*Revised 12/6/18 to update links to EPA.
The Southern Shrimp Alliance has been deeply engaged in protecting shrimp vessel owners throughout the Gulf and South Atlantic region from the onerous and expensive requirements of an EPA permit under the National Pollution Discharge Elimination System (NPDES) literally ever since a 2005 federal court decision imposed those requirements on commercial fishing vessels for the first time under the Clean Water Act.
In collaboration with commercial fishing and charterboat groups across the nation, SSA has played a leading role in securing a series of temporary legislative exemptions that have prevented the EPA from implementing that court decision on U.S. commercial fishing vessels.
According to SSA Executive Director John Williams:
“These EPA permit requirements to regulate 27 ‘discharges incidental to the normal operation of a vessel’, including deckwash and fish hold effluent, would be catastrophic for the U.S. shrimp fishery. While many in the US commercial fishing industry probably long ago forgot about this ongoing regulatory threat, SSA has been working continuously with Congress to ensure that those regulations never went into effect for our fishery.”
Last night, the House of Representatives passed legislation that will make permanent that exemption for all U.S. commercial fishing vessels including shrimpers. The legislation, the U.S. Coast Guard reauthorization bill, which includes the Vessel Incidental Discharge Act (VIDA), was passed by the Senate last week by a strong margin of 94-6 after a complex multi-Committee negotiation on a range of maritime and environmental issues. The legislation will now be sent to the President for enactment into law.
“This is a big deal. It’s a major win for the shrimp fishery and we’re proud to have done our part to protect all U.S. commercial fisheries. But the truth is, we have so many to thank in Congress for their tireless efforts on our behalf over so many years including virtually all of the Senators and Representatives with a shrimp industry constituency. There are far too many to list, but the ones that finally got his across the goal line were the leadership, Members and especially the hard-working staff of the Senate Committee on Commerce, Science and Transportation and the House Committee on Transportation and Infrastructure.” added Williams.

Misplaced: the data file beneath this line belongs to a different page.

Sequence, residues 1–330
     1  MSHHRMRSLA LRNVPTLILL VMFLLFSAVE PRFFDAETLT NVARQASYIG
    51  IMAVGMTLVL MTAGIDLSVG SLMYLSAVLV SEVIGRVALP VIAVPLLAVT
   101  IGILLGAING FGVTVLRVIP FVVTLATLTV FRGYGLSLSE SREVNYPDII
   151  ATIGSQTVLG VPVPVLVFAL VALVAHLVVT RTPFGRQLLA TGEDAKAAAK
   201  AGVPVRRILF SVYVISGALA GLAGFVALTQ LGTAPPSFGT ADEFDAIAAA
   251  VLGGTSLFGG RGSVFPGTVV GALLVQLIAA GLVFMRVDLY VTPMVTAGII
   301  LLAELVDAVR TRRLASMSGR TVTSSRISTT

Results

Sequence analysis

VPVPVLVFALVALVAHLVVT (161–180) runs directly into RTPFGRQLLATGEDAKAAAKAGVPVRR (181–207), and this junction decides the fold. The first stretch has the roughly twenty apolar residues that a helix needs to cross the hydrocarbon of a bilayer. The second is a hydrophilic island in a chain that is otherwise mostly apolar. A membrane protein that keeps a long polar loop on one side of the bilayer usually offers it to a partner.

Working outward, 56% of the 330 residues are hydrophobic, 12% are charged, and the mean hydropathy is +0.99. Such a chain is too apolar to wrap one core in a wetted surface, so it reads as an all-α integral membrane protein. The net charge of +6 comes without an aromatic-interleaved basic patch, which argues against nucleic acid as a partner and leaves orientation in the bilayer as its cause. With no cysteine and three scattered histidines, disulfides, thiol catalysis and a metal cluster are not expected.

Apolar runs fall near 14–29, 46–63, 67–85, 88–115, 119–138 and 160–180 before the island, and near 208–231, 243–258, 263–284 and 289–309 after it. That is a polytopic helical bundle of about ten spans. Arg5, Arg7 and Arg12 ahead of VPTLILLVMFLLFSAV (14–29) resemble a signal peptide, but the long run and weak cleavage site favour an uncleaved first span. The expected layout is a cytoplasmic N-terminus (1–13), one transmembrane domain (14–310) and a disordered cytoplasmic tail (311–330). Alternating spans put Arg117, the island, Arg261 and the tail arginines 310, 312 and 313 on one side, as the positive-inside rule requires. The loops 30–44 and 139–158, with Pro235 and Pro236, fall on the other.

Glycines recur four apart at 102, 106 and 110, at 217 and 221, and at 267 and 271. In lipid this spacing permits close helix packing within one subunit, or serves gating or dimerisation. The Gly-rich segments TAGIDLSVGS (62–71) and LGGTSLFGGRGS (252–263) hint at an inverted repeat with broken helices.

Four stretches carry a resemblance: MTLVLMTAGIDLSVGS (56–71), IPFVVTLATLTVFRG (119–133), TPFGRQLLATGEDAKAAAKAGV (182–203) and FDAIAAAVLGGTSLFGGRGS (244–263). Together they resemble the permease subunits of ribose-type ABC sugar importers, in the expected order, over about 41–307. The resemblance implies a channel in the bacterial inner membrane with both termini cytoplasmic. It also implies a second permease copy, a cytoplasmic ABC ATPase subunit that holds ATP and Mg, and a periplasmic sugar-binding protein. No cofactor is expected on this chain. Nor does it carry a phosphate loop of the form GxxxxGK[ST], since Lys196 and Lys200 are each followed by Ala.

Absent enactment of this legislation, shrimp fishing vessels and all other US commercial fishing vessels would have been subject to the onerous requirements of either the EPA’s Vessel General Permit (VGP) for vessels greater than 79 feet in length, or the similar “small Vessel General Permit” (sVGP) for vessels less than 79 feet in length. EPA estimated that between 118,000 and 138,000 vessels could be subject to the sVGP’s requirements, of which nearly 60,000 are commercial fishing vessels less than 79 feet. The total estimate for all affected commercial fishing vessels of any size exceeds 81,000.
The VGP regulations have been in place for commercial non-fishing vessels larger than 79 feet since 2009. Without this permanent statutory exemption and the previous temporary legislative exemptions, these regulations would apply to commercial fishing vessels larger than 79 feet requirements for 27 types of vessel discharges that include such routine discharges as deckwash, fish hold effluent and greywater. In addition, the EPA finalized a separate set of regulations for sVGPs for smaller commercial fishing vessels in anticipation of the expiration of the temporary exemptions. Some elements of these regulations are simply incomprehensible when considered in the context of the wide range of sizes, types and operations of US fishing vessels. (see EPA VGP / sVGP Regulations: https://www.epa.gov/npdes/vessels